When you talk about sex with your younger child, use the correct terms for body parts (“penis” and “vagina”) and explain in a direct way what sexual intercourse and sexual encounters entail. They will likely have questions, and may express shock or disgust. Help them to understand that their feelings are normal, and answer their questions honestly.

Talk About What They May Encounter Online

For young children, you do not need to discuss pornography in detail. However, your children need to know that adults sometimes share images of sex on the internet and sometimes it accidentally may be seen by children. Many of these images are scary or uncomfortable for kids.

Your children need to know that if they encounter images of pornography, they can come to you, and that they will not be in trouble if they encounter it.

They also need to feel comfortable telling you if any adult or older child intentionally shows them pornography: this, unfortunately, happens sometimes, and your child needs to know that they are safe to share this information with you.

They also need to know that it's imperative that they share this information with you, and that they won't get in trouble by doing so.

Share Age-Appropriate Material About Sex

You don’t have to navigate these discussions alone. There are many great books about sex for younger kids: find a book or two that you think your child could relate to and that has a tone that they would find informative and assuring.

For Middle School-Aged Children and Older

The closer your child gets to puberty, the more likely they will encounter pornography, either accidentally, on their own, or because a peer has shared it with them. If you haven’t already had a discussion with pornography with your tween or teen, it’s not too late to start now. Here’s how to navigate this:

Choose a “Low-Stakes” Time

Sitting your tween or teen down for a serious talk after dinner is probably not the best way to begin this discussion. The more “casual” the talk, the better. You might want to try chatting in the car (this also means your child doesn’t need to look you directly in the eyes, which can help minimize embarrassment), during a walk or a hike, or late at night, when teens are most likely to be open to casual conversations.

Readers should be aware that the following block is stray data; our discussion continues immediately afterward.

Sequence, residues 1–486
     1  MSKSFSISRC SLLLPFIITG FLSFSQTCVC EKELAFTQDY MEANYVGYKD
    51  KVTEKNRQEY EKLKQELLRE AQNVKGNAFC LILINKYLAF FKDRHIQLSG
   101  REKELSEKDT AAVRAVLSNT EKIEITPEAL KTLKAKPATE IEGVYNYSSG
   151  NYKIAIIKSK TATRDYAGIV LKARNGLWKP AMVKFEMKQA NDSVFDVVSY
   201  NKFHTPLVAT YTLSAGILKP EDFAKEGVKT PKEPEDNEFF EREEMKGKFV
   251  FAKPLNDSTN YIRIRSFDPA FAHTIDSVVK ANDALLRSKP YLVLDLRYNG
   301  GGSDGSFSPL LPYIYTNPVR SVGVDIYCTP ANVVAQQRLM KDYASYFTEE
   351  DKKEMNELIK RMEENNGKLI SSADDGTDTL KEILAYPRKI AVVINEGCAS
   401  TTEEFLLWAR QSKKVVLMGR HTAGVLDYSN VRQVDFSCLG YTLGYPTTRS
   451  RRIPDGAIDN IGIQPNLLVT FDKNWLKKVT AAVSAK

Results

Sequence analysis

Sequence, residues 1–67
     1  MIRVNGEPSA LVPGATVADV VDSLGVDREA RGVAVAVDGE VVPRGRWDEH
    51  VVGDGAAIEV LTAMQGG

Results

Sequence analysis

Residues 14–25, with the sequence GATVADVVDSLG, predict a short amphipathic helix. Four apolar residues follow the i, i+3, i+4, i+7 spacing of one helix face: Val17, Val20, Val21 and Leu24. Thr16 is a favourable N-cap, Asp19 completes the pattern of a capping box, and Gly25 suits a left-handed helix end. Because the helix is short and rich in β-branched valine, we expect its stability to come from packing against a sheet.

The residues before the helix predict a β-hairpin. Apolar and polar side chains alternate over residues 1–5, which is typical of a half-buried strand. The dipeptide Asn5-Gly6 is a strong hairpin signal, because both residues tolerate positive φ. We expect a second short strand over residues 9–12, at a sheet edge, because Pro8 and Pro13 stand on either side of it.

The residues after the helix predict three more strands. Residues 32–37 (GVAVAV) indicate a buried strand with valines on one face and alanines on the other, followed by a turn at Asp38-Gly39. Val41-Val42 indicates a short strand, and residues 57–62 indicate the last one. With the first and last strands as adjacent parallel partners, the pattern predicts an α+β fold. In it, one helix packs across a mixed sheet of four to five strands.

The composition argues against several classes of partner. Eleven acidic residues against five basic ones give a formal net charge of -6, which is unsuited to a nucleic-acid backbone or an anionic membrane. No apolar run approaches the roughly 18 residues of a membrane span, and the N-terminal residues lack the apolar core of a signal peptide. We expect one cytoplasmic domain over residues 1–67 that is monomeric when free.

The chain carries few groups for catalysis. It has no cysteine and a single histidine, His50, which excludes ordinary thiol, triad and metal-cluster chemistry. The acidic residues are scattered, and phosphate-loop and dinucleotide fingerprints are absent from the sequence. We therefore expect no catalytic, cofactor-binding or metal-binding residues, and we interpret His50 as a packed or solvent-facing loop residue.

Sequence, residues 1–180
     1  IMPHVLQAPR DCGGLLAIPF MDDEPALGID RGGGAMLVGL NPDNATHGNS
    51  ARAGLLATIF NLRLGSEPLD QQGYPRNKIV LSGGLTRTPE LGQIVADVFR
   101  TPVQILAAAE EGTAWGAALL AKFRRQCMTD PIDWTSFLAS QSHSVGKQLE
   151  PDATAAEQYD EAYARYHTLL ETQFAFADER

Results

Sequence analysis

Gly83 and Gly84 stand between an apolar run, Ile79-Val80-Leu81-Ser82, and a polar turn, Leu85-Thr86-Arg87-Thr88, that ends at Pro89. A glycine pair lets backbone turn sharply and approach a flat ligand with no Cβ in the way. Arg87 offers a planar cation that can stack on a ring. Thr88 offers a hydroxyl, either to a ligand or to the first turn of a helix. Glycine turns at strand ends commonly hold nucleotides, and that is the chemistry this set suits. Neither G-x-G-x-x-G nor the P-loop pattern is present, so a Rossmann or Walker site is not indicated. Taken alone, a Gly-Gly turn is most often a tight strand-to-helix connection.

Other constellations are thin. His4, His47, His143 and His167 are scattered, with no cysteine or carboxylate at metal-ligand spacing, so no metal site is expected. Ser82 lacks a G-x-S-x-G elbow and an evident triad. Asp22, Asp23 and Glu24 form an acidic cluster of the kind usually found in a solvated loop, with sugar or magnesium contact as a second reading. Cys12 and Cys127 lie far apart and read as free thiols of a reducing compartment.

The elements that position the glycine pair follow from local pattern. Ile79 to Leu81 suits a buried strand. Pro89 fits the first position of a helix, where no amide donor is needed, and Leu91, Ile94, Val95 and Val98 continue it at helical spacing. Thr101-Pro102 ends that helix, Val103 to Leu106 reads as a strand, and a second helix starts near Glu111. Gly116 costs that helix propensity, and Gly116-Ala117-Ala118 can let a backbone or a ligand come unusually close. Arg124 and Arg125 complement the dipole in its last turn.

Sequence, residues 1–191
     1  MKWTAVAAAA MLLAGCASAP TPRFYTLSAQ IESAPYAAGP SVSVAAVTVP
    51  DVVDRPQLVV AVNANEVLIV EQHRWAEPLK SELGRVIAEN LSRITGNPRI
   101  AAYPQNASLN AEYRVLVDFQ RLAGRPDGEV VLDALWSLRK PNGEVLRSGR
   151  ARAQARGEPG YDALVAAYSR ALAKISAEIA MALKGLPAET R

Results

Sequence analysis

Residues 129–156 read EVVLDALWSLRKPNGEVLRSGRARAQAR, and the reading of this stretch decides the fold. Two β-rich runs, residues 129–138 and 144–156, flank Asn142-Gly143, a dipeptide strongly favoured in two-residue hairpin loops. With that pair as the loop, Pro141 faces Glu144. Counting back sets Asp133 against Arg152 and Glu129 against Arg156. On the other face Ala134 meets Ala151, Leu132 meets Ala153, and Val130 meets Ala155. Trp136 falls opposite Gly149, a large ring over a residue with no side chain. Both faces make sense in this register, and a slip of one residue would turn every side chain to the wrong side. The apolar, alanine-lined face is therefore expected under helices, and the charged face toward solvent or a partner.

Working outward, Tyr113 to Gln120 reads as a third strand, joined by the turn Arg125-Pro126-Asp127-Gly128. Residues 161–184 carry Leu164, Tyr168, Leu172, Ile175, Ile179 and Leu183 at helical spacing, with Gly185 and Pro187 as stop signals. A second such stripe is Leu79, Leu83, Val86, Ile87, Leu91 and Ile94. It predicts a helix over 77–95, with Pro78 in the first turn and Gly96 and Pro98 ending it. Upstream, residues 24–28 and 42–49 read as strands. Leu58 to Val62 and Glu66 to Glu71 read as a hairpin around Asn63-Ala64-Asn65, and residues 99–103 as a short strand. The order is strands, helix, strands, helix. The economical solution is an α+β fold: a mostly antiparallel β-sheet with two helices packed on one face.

Set Up a Judgment-Free Zone

Your child needs to know that there is no judgment here. You are not accusing them of looking at pornography, nor are you warning them of future punishment if they are discovered doing so. If you set things up in a punitive or judgmental way, it is very unlikely that your tween or teen will even engage in a discussion with you at all.

Ask Open-Ended Questions

Tweens and teens like to think they “know it all,” and you can allow this, to some extent. Don’t give them a list of information, and don’t necessarily ask them too many probing questions. Let them direct the conversation when possible.

Make It an Ongoing Conversation

As with any conversation about sex, the “pornography conversation” should be an ongoing one. Besides the fact that your child may continue to have questions and experiences with pornography throughout the years, it can be helpful to break the conversation into smaller chunks rather that one heavy conversation.